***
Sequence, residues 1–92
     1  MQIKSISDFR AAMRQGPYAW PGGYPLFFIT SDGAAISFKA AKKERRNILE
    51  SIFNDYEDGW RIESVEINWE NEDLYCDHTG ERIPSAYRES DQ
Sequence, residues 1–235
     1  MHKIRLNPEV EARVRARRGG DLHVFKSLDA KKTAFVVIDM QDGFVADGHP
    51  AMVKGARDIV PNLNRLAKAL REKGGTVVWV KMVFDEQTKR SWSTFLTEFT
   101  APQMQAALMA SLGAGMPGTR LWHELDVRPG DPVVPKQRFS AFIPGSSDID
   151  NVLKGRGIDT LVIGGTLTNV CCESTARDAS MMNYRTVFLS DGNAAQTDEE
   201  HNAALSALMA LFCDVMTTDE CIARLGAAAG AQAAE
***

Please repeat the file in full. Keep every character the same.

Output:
Sequence, residues 1–92
     1  MQIKSISDFR AAMRQGPYAW PGGYPLFFIT SDGAAISFKA AKKERRNILE
    51  SIFNDYEDGW RIESVEINWE NEDLYCDHTG ERIPSAYRES DQ
Sequence, residues 1–235
     1  MHKIRLNPEV EARVRARRGG DLHVFKSLDA KKTAFVVIDM QDGFVADGHP
    51  AMVKGARDIV PNLNRLAKAL REKGGTVVWV KMVFDEQTKR SWSTFLTEFT
   101  APQMQAALMA SLGAGMPGTR LWHELDVRPG DPVVPKQRFS AFIPGSSDID
   151  NVLKGRGIDT LVIGGTLTNV CCESTARDAS MMNYRTVFLS DGNAAQTDEE
   201  HNAALSALMA LFCDVMTTDE CIARLGAAAG AQAAE